RACINE – In March, the former Porters of Racine, a high-end furniture store that lasted 152 years, started to become something else: building materials for others.
The deconstruction of the 80,000-square-foot structure is beginning to wind down this month. By the end of this month, property owner Micah Waters hopes to start the process of toppling the walls as he marches toward creating a clean, 1-acre Downtown development site.
Porters closed in spring 2010. For more than three years, Waters, an architect by training, worked toward redeveloping Porters, 301 Sixth St., into street-level shops with 37 market-rate apartments above them.
But roadblocks in gaining financing for the $6 million plan ultimately led him to abandon that plan. The historic building, which started as nine separate ones, would come down.
Waters uses the term deconstruction, not demolition, to describe the process of carefully dismantling and removing whatever can be sold or recycled from the structure.
The deconstruction has involved about 10 laborers on most days, with the Porters parking lot serving as a staging area for salvaged materials. The company he formed for the redevelopment went into deconstruction mode instead.
To find buyers for materials, Waters said, “we literally just started doing Internet searches.” Eventually they hooked up with a Florida-based company, Wood and Bricks, which offered to buy as much of those commodities as Waters had.
Lumber, metal and bricks
Primarily, the salvage materials with value from Porters have been lumber, metal and bricks. Waters declined to provide his total sales but gave a rundown of quantities of the materials.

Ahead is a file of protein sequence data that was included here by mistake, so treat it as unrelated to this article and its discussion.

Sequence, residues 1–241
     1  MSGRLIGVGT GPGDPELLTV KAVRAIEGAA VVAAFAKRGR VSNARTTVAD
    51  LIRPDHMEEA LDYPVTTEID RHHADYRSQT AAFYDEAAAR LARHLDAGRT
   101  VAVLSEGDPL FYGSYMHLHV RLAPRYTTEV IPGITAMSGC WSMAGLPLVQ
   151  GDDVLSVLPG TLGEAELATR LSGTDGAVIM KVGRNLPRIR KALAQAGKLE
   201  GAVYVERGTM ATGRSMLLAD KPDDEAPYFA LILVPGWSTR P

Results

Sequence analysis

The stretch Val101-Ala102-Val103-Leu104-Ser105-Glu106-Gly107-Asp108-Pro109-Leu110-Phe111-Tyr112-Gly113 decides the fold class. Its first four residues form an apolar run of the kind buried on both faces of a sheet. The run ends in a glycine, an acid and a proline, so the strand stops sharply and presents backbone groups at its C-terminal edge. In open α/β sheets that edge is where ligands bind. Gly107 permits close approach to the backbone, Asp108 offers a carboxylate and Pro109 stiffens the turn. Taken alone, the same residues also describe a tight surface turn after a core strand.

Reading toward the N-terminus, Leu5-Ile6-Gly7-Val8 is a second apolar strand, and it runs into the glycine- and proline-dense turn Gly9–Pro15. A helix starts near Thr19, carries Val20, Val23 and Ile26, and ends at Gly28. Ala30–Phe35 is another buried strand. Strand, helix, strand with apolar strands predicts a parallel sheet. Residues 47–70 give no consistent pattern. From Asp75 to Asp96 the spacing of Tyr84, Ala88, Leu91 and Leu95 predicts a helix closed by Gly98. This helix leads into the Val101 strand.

Lumber was the most valuable commodity: mostly heavy, 2-inch-thick floor joists, the longest of which was 24 feet long. Waters calculated his building will disgorge about 100,000 board feet of lumber.
The wood is old-growth red and white oak, Waters said, after having it tested by the University of Wisconsin. And it’s about three centuries old, he said. “(The trees) were 150 years old when they cut them,” and the original buildings date back to the 1800s.
Waters said much of the lumber, after having nails pulled and being inventoried, went to a Montana lumber yard. One load went to a furniture manufacturer.
The next-most-valuable material was metal, worth about half of what the lumber was worth, Waters said. More than 100 tons of copper wiring, ductwork, pipes and such have all been sold to local recycling companies.
Bricks come next, worth about 40 percent of what the lumber will sell for. Most are Cream City bricks and the rest “Chicago reds,” also called pinks, Waters said. He estimates a total of about 1.4 million bricks in the entire structure. He expects to be able to save about 60 percent, or about 840,000, after they are picked up one by one and the mortar chipped off. Broken bricks are discarded.
The exterior glass is being recycled and reused, but with no remuneration for Waters.
The exterior granite sheets are too small for reuse, but Waters intends to eventually cut them into pieces and give them away as mementos.
One surprise Waters found during the deconstruction was a basketball court-size gymnasium in the basement, adjacent to an old pool. “I knew about the pool, but not the gymnasium till we took the floor off,” he said. Both were in a former YWCA at 312-316 Seventh St.
He also found a safe that’s about 5 feet wide and 6 feet tall. It has seven different combination locks: one for the outer door and six for the separate compartments within.
“It’s disappointing to see an older building taken down,” said Don Schumacher, president of Preservation Racine. “But we’re encouraged that they’re going to save some of the artifacts, and we hope they can be incorporated into a new building on that site or somewhere else in the City of Racine.”
Waters shares that desire for the two Porters signs and old photos he’ll save.
As for his property’s future, he hearkened back to the redevelopment he originally intended: Shops with upscale apartments above. Waters predicted: “I wouldn’t be surprised if a project looks very much like what we were going to do, but new construction, and taller.”